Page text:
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ABA Therapy

The Importance Of Early Intervention For Children With Autism

Early intervention describes the services and support that help children and their families with developmental delays or disabilities. Some parents might hesitate for various reasons, but research and studies have backed the importance of early intervention for many years.

Why Early Intervention Is Important

Early intervention for autism means you can make sure your child can start receiving treatment as soon as possible so they are set up for success later in life.

90% of the Brain’s Growth Happens Before Kindergarten 

From birth to about five years of age, the human brain is in its most intensive stages of development.

The brain doubles in size in the first year of a child’s life. Researchers have concluded that two to four years old is considered the “primary age” for learning foundational skills and behaviors such as:

  • Language skills

  • Social skills and empathy

  • Internal monologue and critical thinking

  • Learning habits and generalizing lessons

  • Cognitive abilities

  • Gross motor skills

  • Basic functions that nurture independence

  • Moral understanding of right and wrong

  • Developing their personality and character traits

The brain grows by building connections from one brain cell to another, connecting different regions of the brain and their functions. These connections, called synapses, are the foundation for learning, behavior, and health. They connect different regions of the brain and their functions for completing bigger tasks.

During this primary period of growth, the connections happen in more than a million synapses every second. There’s a reason they say a baby’s mind is like a sponge, and it’s because a child is the most susceptible and malleable.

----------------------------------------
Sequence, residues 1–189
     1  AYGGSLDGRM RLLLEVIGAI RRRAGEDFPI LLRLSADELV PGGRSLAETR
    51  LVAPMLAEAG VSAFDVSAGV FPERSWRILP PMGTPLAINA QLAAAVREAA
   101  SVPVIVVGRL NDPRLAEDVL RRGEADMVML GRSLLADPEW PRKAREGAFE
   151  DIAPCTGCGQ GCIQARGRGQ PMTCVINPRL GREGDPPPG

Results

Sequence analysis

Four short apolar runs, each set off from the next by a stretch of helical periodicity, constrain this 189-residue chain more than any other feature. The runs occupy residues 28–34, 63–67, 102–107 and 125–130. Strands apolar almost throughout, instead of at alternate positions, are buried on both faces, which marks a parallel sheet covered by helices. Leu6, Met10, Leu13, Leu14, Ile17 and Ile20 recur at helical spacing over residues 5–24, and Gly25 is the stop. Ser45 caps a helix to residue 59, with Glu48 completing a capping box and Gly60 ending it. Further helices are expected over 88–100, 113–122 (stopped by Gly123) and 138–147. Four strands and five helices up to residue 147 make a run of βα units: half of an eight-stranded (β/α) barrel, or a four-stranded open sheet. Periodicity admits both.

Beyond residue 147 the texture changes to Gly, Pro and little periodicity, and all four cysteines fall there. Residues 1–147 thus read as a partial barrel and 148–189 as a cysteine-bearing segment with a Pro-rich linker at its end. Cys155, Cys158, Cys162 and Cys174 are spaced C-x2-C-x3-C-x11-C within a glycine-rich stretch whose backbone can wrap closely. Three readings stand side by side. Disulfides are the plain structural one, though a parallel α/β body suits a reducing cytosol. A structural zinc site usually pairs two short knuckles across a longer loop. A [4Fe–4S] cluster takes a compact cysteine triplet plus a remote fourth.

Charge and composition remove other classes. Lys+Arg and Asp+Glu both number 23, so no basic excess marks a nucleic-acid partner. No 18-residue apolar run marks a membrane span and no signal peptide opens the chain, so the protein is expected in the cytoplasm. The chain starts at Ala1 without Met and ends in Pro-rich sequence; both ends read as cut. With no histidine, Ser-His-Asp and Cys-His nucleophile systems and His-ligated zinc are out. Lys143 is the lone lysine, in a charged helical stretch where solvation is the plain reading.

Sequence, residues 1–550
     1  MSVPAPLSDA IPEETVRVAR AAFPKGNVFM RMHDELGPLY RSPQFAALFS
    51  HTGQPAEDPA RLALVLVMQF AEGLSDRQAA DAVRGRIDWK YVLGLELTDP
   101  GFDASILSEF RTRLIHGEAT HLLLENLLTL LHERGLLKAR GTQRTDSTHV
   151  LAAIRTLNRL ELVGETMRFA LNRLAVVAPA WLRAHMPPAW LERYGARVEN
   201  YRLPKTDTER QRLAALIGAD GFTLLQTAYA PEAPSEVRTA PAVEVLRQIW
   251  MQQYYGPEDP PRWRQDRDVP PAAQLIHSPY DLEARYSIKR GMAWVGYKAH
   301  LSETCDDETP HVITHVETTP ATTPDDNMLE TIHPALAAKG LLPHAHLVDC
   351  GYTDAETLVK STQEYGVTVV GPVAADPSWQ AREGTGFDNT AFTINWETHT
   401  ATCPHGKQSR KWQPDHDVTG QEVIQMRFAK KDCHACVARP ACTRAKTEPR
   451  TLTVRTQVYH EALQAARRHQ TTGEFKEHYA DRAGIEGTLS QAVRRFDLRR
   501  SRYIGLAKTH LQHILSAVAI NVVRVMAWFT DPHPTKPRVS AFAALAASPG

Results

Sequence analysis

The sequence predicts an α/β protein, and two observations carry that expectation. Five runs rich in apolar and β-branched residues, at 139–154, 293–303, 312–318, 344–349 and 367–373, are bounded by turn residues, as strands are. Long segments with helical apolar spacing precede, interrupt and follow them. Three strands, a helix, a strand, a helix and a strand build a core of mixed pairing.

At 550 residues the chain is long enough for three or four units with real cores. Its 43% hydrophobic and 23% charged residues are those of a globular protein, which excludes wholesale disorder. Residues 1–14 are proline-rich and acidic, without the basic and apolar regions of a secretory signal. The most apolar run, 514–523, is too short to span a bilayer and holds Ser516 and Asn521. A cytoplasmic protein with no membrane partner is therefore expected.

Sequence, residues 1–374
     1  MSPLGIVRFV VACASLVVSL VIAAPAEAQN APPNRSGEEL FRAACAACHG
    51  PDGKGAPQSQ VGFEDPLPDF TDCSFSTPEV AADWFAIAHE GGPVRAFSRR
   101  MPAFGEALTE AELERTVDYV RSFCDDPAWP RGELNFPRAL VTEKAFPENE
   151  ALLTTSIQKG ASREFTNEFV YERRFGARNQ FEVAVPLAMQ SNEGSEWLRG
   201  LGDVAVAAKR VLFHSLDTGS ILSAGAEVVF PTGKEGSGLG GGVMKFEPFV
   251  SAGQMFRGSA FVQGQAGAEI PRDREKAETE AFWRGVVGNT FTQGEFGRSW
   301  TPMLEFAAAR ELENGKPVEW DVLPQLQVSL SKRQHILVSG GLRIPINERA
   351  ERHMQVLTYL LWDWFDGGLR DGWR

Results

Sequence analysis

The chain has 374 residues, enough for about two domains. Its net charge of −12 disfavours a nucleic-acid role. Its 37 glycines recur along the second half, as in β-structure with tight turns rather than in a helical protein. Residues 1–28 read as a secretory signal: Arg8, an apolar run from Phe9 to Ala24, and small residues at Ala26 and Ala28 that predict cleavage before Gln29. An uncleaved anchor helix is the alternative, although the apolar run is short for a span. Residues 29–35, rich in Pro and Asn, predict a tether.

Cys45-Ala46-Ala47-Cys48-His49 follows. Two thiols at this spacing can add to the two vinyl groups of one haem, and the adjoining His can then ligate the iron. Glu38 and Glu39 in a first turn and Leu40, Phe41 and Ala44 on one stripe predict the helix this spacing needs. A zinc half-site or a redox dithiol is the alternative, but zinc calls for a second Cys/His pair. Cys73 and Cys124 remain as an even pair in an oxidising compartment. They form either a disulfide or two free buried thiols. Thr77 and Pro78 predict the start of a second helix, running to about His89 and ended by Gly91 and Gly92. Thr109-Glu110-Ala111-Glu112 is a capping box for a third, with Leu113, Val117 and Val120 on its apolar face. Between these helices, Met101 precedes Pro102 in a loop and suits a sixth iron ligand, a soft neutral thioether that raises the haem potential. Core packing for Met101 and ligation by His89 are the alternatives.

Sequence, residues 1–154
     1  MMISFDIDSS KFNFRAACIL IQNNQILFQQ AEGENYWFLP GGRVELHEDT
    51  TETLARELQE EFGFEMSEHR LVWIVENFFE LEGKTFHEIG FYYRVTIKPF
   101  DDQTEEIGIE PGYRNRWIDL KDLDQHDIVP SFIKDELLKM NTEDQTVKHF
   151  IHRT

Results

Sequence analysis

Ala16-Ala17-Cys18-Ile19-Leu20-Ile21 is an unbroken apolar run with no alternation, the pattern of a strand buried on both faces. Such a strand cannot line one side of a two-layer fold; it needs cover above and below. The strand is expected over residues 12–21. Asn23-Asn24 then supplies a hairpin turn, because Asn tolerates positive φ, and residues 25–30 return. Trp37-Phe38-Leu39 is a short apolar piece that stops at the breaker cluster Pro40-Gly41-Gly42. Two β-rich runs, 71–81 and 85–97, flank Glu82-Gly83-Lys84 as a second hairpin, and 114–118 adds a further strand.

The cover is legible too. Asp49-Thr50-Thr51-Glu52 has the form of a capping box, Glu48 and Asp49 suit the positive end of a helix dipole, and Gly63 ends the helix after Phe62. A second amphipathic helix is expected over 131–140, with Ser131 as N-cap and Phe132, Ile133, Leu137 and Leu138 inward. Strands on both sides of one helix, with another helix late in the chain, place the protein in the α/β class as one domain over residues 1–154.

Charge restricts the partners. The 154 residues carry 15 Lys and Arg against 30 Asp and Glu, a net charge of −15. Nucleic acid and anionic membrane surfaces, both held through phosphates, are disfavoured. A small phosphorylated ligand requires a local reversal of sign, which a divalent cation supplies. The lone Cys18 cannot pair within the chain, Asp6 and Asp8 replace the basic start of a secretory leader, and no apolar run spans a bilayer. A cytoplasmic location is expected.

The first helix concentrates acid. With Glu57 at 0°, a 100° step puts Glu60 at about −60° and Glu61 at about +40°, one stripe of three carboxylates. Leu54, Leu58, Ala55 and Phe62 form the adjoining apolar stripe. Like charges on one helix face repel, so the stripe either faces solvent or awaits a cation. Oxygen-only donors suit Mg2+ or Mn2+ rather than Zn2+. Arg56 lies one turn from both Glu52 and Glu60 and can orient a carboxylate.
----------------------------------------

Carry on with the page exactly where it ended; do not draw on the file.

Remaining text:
Most understanding and learning is also done through observation and modeling surroundings during this period. Over time, these connections become harder to change, so it is crucial to nurture this phase.

What Is Early Intervention?

The focus of early intervention is to meet the unique needs of each child during the four key areas of childhood development: cognitive development, physical development, behavioral development, and social and emotional development.

Cognitive development includes:

  • Acquiring speech and language skills.

  • Reading and writing.

  • Numerical capabilities.

  • Understanding logical problem-solving.

Physical development involves children’s physical health, nutrition, growth/overcoming of a physical disability.

Behavioral development involves children’s ability to monitor and regulate their behavior, attention, and impulses. Children’s self-regulatory skills are associated with their ability to form positive relationships with others and their success in school.

Social and emotional development involves children’s awareness of their own emotional needs and the emotional needs of others. It also encompasses the development of children’s self-esteem and their ability to manage negative feelings.

This is strongly associated with a child’s ability to form positive relationships with others and reduces the risk of depression, anxiety, and other mental health disorders.